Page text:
BY BRYNA ZUMER, firstname.lastname@example.org
9:20 AM EDT, July 2, 2013
Bel Air's annual July 4 turtle derby is known for being slow, but now a conservation group wants to bring it to a complete halt.
The Arizona-based Center for Biological Diversity sent a letter Friday to event sponsor Kiwanis Club asking the Bel Air group to call off the derby, warning of the risk of spreading "deadly diseases" to both wild turtles and children.
While the derby has been going on for years, the center raised the issue now – and less than a week before the event – because of a rise in ranaviruses among amphibians in Maryland, Collette Adkins Giese, the center's biologist and attorney, explained in a phone interview Friday.
The virus has been detected since last year in Harford County and "we are very much concerned that it can spread," she said, noting it has been known to "just wipe out populations."
"Then last summer, a sick box turtle was found in Harford County and brought to the Chadwell Animal Hospital in Abingdon, and tests sent to the national wildlife lab in Wisconsin confirmed ranavirus," she added.
The Turtle Derby and Frog Jumping Contests are longtime staples of Bel Air's annual day-long Independence Day celebration, set for July 4, which also features a parade and fireworks and is one of the most heavily attended events of its kind in Maryland.
Organizers have no plans to call off the derby, at least not this year.
Don Stewart, president and chairman of the Bel Air Independence Day Committee, Inc., the nonprofit community group that runs the Bel Air celebration, said Monday he did not necessarily disagree with the center's position, but the volunteer organizers did not have enough time to consider stopping the event.
"We do our best to keep as safe as possible," he said. "It's a long tradition. It predates us. It's not anything new and our understanding of animals has increased over the years."
"They definitely have a point. We are not disputing anything they have to say," he said. "We are just doing the best we can with what little resources we have."
"Our group wasn't ready to make that move that quickly," Stewart added about the possibility of calling off the race, explaining that if the derby was called off, a new event would have to fill that time slot.
Stewart also said organizers talked with the center about half a year ago, and he doesn't know why they sent out a letter now.
"They are really good people, with a specific cause. They are doing what they think is necessary to further their cause and interest and I respect that," Stewart said. "They know we are moving forward with [the celebration] and I don't think they are happy with that."
He said he is very concerned about preserving the tradition and reputation of the July 4 event, calling it "very large, very old, very traditional."
"It's not feasible to just snap my fingers and make a change," Steward said. "We told them right after this event, we would have another meeting as a group and we would re-address the issue."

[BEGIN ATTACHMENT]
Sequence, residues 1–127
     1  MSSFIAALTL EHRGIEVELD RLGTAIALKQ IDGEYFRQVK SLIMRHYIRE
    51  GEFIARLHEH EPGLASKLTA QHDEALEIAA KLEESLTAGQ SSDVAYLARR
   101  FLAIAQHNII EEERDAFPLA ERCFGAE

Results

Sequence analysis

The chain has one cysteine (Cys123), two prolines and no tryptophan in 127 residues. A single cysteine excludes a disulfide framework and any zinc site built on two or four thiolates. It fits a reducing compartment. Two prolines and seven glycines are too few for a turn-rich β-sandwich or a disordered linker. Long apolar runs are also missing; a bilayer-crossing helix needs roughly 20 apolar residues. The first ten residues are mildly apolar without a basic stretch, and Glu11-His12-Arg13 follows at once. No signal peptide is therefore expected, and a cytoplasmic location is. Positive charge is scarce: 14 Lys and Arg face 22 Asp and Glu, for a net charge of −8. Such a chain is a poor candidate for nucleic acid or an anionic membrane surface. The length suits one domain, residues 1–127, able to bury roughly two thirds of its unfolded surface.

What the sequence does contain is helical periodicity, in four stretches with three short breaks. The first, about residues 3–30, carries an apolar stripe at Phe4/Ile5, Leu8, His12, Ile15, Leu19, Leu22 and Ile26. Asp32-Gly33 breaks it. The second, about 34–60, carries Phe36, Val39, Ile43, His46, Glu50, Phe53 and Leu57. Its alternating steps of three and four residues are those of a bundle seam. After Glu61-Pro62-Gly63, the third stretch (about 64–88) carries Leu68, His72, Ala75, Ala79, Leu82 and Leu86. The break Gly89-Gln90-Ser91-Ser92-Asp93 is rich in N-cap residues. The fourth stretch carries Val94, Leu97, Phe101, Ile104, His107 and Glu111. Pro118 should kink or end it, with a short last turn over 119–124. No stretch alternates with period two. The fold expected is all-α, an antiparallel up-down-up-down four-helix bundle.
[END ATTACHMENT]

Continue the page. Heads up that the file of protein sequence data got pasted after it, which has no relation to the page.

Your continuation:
Other races changed
Adkins Giese noted the Maryland Department of Natural Resources put out a statement last year urging participants to stop collecting wild turtles for the race because of the potential health risk to both the turtles and participants.
The center's letter says many other towns have replaced turtle races with creative substitutes and the Johns Hopkins Turtle Race in Baltimore now uses animals brought in from U.S. turtle farms, where the turtles are returned afterward.
The virus was first detected in Montgomery County in 2011, according to a DNR newsletter. The National Wildlife Health Center also says all confirmed cases of ranaviral infection in wild eastern box turtles are from Maryland.
The Wildlife Health Center, however, notes "the virus generally cannot be cultured at temperatures above [86 degrees], so it probably is not infectious to domestic mammals and humans."
Adkins Giese also said in the letter that the race strains native turtle populations and that Maryland law prohibits wild collection of any spotted turtles, wood turtles or diamondback terrapins, or possession of more than one of many other turtles found in the state, such as eastern box turtles or painted turtles.
"Turtle races can also spread disease to people who handle turtles, including young children who are especially vulnerable," according to the letter. "Of particular concern is the risk of Salmonella infection, which can cause severe illness and even death."
Bel Air's Independence Day Committee has already warned on its website that no turtles entered in the race can have a carapace less than 4 inches long and limits participants to one member of each turtle species per adult, citing DNR restrictions.
Local conservationist Bob Chance said Monday he saw both sides of the issue, noting the derby has been going on for half a century.
"This is a gigantic controversial issue," he said. "Every year it gets a little dicier."
Although he did not know about the ranavirus, "I know a lot of wild-caught turtles that get used in this race get displaced, they don't get returned to the place where they were found, and that really confuses the animal. They are totally disoriented. Sometimes it's a very hot day, sometimes the turtles are not properly fed before the event."
"On the other hand, this Independence Day tradition has been an educational tool," Chance continued.
Canceling the race "could possibly affect a few people's science careers," he explained.
Because of that, Chance has reservations about calling off the derby completely.
"I have a lot of people tugging on me on this issue in both directions," he said. "Shucks, you have 150 entries [for the derby]."
Chance pointed out hamster races have been discontinued, but Bel Air's frog jumping contest goes on despite some drawbacks.
"A lot of frogs get injured in the jump, but it's carnival, old-time Americana," he said.